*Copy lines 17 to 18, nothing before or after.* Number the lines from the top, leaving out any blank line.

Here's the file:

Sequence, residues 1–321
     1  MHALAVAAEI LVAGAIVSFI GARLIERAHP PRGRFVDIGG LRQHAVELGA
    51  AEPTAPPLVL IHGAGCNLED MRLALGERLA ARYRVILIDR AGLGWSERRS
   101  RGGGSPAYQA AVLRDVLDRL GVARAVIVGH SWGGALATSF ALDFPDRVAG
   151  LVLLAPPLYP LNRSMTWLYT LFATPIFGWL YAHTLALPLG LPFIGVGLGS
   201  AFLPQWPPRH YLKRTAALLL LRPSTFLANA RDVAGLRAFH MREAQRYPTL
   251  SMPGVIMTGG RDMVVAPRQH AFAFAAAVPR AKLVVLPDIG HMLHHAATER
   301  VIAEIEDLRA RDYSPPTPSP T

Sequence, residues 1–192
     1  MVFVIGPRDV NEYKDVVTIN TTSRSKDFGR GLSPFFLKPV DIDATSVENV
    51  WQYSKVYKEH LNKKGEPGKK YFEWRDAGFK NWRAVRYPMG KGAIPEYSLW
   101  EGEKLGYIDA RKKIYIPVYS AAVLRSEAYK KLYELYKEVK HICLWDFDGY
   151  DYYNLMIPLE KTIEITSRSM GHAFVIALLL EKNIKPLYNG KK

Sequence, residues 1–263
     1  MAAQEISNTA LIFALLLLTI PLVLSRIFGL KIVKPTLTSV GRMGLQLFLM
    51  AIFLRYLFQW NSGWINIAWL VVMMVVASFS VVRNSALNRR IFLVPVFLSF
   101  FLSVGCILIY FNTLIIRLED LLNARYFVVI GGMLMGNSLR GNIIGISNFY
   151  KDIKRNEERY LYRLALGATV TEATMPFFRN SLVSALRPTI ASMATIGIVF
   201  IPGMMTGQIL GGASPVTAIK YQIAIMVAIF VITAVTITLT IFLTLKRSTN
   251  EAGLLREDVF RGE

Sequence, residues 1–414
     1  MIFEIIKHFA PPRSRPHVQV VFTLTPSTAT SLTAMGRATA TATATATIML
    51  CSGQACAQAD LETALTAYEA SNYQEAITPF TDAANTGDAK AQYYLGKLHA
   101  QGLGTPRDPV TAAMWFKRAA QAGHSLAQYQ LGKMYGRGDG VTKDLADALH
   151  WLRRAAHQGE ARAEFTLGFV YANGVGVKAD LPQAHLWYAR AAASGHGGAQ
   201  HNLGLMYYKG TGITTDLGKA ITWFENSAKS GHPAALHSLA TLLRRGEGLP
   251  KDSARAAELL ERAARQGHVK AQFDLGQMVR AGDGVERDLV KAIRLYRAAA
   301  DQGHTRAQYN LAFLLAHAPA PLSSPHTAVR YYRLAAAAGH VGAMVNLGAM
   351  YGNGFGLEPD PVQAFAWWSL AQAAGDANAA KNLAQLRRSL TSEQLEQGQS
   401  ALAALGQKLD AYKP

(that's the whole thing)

   101  FLSVGCILIY FNTLIIRLED LLNARYFVVI GGMLMGNSLR GNIIGISNFY
   151  KDIKRNEERY LYRLALGATV TEATMPFFRN SLVSALRPTI ASMATIGIVF